Infant, Adult Sleep Similar, Rat Study Says

Brian Handwerk
for National Geographic News
April 19, 2005

Adults spend nearly a third of their lives asleep. Infants sleep twice that much or even more—yet scientists don't completely understand the processes of sleep and why the state is so essential.

"We do know a lot today about the importance of sleep and the consequences of not getting enough sleep—or enough quality sleep," said Carl E. Hunt, director of the National Institutes of Health's National Center on Sleep Disorders Research in Bethesda, Maryland. "What we don't know is why the body was designed that way. We don't know why sleep is so critical. Clearly we know it's a fundamental requirement of the brain in order to continue to function at its best—yet we don't know why," Hunt said.

But new research on rats has added a piece to this puzzle by revealing that infant and adult sleep are strikingly similar.

Mark Blumberg, of the Department of Psychology at the University of Iowa, and colleagues have reported that the neural (nerve) mechanisms in the active sleep of week-old rats are similar to the sleep mechanisms of adult rats.

The results suggest that the basic components of sleep are present soon after birth and develop in more or less a straight line throughout life.

"Fundamentally there are many more similarities than differences between rat and human sleep. Most of the basic phenomena—physical twitching, changes in cortical activity, REM movements, and many others are similar. Infant rats are also similar to human babies in the way that they rapidly cycle in and out of sleep. In both species, these cycles become longer as we age," Blumberg said.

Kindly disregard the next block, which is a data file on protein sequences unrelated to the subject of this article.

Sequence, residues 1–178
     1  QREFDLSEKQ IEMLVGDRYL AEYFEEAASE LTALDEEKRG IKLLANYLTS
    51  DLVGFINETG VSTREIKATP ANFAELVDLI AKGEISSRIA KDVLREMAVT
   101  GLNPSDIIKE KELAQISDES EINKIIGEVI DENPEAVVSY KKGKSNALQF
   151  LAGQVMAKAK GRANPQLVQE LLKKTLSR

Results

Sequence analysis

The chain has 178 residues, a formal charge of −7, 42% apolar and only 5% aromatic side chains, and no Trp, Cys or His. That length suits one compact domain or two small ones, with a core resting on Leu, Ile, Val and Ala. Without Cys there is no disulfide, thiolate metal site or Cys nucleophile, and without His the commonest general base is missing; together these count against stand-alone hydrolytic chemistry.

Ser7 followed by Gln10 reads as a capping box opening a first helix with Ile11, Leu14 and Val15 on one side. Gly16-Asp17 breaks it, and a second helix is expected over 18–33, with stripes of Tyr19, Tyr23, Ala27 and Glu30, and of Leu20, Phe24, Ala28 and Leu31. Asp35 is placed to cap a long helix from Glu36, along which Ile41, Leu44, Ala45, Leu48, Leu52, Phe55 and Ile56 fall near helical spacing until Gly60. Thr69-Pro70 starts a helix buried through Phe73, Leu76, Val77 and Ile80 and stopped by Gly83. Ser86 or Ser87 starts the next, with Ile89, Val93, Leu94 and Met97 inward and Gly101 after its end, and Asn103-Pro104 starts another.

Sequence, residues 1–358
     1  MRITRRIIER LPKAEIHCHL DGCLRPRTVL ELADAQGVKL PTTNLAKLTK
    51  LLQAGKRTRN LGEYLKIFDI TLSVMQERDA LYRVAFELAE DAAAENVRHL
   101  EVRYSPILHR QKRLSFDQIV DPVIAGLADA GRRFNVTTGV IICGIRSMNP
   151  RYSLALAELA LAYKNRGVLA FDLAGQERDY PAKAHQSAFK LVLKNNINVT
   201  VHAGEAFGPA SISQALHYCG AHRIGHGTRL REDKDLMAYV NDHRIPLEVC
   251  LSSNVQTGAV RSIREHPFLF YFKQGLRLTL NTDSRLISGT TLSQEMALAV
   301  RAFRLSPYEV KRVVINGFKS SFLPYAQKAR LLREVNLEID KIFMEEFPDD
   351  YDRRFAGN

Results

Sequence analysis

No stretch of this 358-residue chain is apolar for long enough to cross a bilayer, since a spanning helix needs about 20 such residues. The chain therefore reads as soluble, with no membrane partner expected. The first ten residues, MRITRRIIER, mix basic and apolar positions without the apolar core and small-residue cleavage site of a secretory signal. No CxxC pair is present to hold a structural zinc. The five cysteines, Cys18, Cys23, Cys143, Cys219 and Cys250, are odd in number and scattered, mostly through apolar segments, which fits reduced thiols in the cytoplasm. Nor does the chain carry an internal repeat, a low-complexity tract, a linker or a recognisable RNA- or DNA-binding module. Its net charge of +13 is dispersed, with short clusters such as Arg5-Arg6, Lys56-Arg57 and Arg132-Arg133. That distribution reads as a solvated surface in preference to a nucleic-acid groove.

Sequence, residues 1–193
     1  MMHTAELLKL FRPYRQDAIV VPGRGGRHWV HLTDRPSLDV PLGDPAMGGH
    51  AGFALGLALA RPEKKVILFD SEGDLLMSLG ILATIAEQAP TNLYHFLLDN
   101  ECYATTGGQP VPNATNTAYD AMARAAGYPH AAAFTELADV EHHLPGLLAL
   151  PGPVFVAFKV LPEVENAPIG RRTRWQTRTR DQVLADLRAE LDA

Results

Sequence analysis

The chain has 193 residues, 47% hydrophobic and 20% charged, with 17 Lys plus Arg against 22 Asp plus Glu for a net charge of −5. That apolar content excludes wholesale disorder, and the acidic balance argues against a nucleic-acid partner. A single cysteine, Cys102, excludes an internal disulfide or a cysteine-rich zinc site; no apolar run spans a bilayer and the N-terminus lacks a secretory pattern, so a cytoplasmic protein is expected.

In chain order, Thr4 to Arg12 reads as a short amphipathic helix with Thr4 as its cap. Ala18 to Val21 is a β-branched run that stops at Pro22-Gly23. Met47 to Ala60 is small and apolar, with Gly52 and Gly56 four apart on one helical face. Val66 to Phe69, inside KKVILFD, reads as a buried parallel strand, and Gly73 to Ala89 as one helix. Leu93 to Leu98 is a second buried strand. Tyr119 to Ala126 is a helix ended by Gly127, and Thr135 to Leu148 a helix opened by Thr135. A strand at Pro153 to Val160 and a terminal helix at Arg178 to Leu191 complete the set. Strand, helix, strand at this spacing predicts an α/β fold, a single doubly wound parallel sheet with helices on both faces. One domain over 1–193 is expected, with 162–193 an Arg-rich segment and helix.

"Every parent is aware of their infant's tendencies to rapidly go back and forth between sleep and wakefulness or to sleep all day. That's what we see in rats. So why does sleep change developmentally and become more scheduled and regulated so that we sleep through the night? What's changing here? [We're trying] to understand the basic features of the brain that regulate sleep, and then understand how sleeping cycles change with age," he said.

Led by fellow University of Iowa researcher Karl Karlsson, Blumberg and colleagues published their findings this week in the journal PLoS Biology.

Tracking Brain Changes

In 1953 University of Chicago researchers discovered rapid eye movement (REM) sleep, the sleep most closely associated with dreaming. Before then, the conventional wisdom was that the brain simply "shut down" during sleep.

In fact, while the body rests, the brain itself cycles through periods of rest and activity. "You have intriguing changes going on in the brain [during sleep], and we don't know what they are for, what they represent functionally," Blumberg explained.

Tracking these neural functions in infants proved a challenge.

Continued on Next Page >>




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